Newer sweet corn varieties can offer a different flavor to tantalize your tongue.

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COLUMBIA, Mo.—Nothing is quite like sinking your teeth into this year’s first ears of sweet corn.

Tim Reinbott, superintendent for the University of Missouri Bradford Research and Extension Center, admits that sometimes he doesn’t even get out of the field before succumbing to that tempting first bite.

“Some varieties are so good that I’ll eat four ears right off the plant without even cooking them,” he said. “If you ask people what their favorite sweet corn is, many will say Peaches and Cream because that was one of the first bicolor varieties that tasted really good, but actually there are hundreds of sweet corn varieties out there.”

Reinbott wants farmers and consumers to realize all the options available. Each year he plans a sweet corn tasting event where more than 150 people get acquainted with new genetic hybrids as well as old corn mainstays.

“We ask people to rate corn types from 1 to 5,” he said. “Last year we found popular varieties like Peaches and Cream came in at 2.5, varieties like Bodacious and Incredible you often see at farmers markets came in around 3.8, but newer varieties like Honey Select and Vision – which are heterozygous with supersweet and tender genes in them – get 4.6s and 4.7s.”

Sugar and starch

Juicy, delicious goodness starts now with selecting and planting the right varieties of corn.

Farmers and backyard gardeners have to wade through a lot of choices, and new varieties continue to enter the picture. But it might be hard to find some of the best varieties at your local store.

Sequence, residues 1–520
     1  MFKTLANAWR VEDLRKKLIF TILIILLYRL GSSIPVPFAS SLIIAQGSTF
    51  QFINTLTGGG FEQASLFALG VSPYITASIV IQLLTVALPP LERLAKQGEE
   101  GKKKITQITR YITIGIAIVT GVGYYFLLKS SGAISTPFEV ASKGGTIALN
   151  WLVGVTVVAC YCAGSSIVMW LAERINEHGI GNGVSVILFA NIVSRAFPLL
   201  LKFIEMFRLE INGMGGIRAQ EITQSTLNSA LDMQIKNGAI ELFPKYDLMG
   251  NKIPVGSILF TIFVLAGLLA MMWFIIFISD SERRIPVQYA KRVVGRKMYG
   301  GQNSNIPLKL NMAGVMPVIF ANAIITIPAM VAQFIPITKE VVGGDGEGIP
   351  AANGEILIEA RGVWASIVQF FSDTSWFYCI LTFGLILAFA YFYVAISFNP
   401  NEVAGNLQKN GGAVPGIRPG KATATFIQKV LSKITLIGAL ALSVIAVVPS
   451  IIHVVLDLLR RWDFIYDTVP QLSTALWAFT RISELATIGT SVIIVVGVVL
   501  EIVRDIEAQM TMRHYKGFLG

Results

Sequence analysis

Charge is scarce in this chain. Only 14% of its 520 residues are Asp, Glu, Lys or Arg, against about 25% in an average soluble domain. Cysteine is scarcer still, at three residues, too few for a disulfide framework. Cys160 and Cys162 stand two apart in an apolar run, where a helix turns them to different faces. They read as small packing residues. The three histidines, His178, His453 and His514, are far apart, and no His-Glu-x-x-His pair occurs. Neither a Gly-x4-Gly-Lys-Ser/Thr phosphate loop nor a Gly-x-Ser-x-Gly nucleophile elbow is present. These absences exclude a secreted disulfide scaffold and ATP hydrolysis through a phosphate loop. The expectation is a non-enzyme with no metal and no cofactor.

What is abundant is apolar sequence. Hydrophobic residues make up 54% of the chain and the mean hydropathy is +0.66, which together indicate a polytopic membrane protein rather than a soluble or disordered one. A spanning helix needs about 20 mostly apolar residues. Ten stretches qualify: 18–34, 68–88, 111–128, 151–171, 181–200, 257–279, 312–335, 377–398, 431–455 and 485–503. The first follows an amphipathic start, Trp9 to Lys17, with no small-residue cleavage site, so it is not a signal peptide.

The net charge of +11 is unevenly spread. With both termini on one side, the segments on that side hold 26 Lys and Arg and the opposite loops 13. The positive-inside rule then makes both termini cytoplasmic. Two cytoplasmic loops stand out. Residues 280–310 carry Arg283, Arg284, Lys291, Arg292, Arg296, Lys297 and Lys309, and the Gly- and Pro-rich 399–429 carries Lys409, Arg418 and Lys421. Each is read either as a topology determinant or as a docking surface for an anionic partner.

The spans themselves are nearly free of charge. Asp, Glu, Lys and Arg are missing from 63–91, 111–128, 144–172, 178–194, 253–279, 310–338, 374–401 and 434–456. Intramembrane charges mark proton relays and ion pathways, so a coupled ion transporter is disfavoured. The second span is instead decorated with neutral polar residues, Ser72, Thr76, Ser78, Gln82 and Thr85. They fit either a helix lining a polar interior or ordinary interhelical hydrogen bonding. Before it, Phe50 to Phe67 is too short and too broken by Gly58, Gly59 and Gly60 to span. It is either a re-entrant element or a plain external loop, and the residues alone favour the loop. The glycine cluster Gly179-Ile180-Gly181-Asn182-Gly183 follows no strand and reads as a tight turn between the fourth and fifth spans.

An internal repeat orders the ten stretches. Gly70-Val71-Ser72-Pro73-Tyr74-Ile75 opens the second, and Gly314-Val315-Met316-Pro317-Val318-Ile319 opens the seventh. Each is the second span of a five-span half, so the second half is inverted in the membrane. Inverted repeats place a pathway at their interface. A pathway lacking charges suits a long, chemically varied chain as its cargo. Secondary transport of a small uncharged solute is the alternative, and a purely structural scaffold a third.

“In the case of seed racks in hardware stores, those varieties are selected according to historical records of what varieties sell, so you are going to see varieties of corn and tomatoes that might be decades old,” said David Trinklein, an MU Extension horticulturist.

He suggests looking for newer varieties online through vegetable seed retailers if you can’t find them locally.

To enhance the flavor of corn, researchers developed hybrids in the early 1900s with an enhanced sugar-inducing gene, which they called “su.” In the 1950s they came out with the sugary enhanced gene (se), followed by shrunken-2 (sh2), also known as supersweet.

“The supersweet has four to 10 times the amount of sugar of regular varieties, with the idea that if it sits on the grocery store shelf for a week it still will be sweeter,” said Trinklein, “The problem is that supersweet isn’t as visually appealing and the kernels are slightly chewy with a shriveled kind of look.”

To take advantage of the best traits of different varieties, researchers developed “synergistic” and “augmented” varieties. Synergistic corn ears contain 25 percent su genes, 25 percent se and 50 percent sh2 genes to balance sweetness, look and field performance. Augmented varieties combine sh2 kernels with a few su and se kernels sprinkled throughout an ear. These typically score at the top of taste tests.

Some recent varieties, such as Attribute, also integrate a Bt gene, much like in field corn. That gene acts as an insecticide, protecting the plant from European corn borer, cutworm and corn earworm.

Much of the drive to develop sweeter varieties has to do with what happens after the corn is harvested.